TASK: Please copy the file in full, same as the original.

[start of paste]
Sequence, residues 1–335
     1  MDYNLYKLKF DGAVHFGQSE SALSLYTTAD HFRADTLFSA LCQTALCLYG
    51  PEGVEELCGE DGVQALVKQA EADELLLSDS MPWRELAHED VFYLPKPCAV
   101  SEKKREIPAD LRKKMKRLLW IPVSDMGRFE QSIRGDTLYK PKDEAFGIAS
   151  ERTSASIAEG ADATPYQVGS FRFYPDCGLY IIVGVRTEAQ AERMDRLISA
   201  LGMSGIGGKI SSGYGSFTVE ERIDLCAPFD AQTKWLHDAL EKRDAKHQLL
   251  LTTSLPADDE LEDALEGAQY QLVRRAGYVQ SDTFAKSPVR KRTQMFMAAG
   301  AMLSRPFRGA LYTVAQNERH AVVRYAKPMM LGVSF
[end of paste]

Sequence, residues 1–335
     1  MDYNLYKLKF DGAVHFGQSE SALSLYTTAD HFRADTLFSA LCQTALCLYG
    51  PEGVEELCGE DGVQALVKQA EADELLLSDS MPWRELAHED VFYLPKPCAV
   101  SEKKREIPAD LRKKMKRLLW IPVSDMGRFE QSIRGDTLYK PKDEAFGIAS
   151  ERTSASIAEG ADATPYQVGS FRFYPDCGLY IIVGVRTEAQ AERMDRLISA
   201  LGMSGIGGKI SSGYGSFTVE ERIDLCAPFD AQTKWLHDAL EKRDAKHQLL
   251  LTTSLPADDE LEDALEGAQY QLVRRAGYVQ SDTFAKSPVR KRTQMFMAAG
   301  AMLSRPFRGA LYTVAQNERH AVVRYAKPMM LGVSF